When speakers ask me to evaluate them, I have a good idea of what they’re hoping to hear—good things. Who doesn’t want to hear good things? The absolute truth is that every speaker says and does things that are good, sometimes even great. It’s also the absolute truth that every speaker has areas they can/should work on.
When I sit down in an audience to do an evaluation, I think about the speaker from two perspectives. The first perspective has to do with the relationship the speaker builds with their audience via their presentation. This covers all the things you’d expect, including how the speaker comes across, how they look, how they sound, their PowerPoint (if they have one), etc. The second has to do with how well the speaker meets the goals and expectations of the event manager who hired them.
Today, let’s look at speaking from the perspective of what’s important to the person who booked you to speak. Why? Because one of the most important questions your host can answer for you is: Do you know of any other groups that might benefit from my presentation? If you’d like to increase the odds of your host responding with a resounding Yes!, make sure they’re able to answer these two dangerously simple questions with a resounding Yes! Because if they can’t, they’re not going to give up the names and contact information of their colleagues.
1… Did the speaker’s presentation cover what you expected it to cover? There is a dangerously simple assumption hidden here—the assumption that just because someone booked you to deliver your signature presentation, they’re going to happy with it. To make sure the odds are fully in your favor, learn as much about the audience as you can beforehand so you can make those little tweaks and adjustments that will let this specific audience know that you’re not just there to speak, you’re there to speak to them.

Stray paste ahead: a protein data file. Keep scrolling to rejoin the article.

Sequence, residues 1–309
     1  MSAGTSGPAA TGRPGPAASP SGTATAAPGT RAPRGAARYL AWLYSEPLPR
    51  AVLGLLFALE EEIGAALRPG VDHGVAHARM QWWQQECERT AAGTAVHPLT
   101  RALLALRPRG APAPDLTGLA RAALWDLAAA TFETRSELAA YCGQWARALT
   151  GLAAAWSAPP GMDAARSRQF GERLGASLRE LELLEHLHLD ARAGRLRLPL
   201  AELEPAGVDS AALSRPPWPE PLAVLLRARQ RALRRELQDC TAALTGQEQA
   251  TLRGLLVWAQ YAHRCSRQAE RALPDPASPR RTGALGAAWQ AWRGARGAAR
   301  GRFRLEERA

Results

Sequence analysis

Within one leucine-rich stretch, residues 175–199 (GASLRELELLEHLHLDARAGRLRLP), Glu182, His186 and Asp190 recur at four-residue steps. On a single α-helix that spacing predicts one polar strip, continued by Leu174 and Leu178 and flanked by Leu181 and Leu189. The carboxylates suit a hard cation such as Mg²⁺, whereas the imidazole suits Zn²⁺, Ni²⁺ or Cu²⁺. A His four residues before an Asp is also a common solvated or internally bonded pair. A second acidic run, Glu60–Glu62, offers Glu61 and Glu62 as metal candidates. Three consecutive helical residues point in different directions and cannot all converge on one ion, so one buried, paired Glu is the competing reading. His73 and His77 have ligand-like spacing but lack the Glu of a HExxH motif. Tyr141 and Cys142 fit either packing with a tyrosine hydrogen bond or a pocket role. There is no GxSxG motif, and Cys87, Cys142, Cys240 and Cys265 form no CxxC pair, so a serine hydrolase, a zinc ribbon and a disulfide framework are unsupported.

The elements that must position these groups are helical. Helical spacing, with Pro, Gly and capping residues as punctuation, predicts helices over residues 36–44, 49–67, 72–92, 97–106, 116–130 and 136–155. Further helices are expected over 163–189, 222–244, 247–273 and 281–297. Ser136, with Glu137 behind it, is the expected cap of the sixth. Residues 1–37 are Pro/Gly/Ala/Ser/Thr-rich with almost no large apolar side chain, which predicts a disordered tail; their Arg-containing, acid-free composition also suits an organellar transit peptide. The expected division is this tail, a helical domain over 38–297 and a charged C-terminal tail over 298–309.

2… Was the speaker well prepared? There is another dangerously simple assumption hidden here. Many speakers think that as long as they do a really good job of preparing and delivering their presentation, that means they were “well prepared.” From the audience’s perspective that would be correct. From the host’s perspective, there’s a lot more to consider. Were you easy to work with? Were you as professional off the stage as you were on the stage? Did you arrive on time? Were you ready to start on time? Did you finish on time? Etc.
Like I said, dangerously simple questions, with dangerously simple assumptions hidden just below the surface. The really great news is that you have a tremendous amount of control over the criteria the person who booked you will be reviewing before answering them. And, as always, I’m here to help you identify and take charge of many of the dangerously simple nuances that will help you stand out with a resounding YES!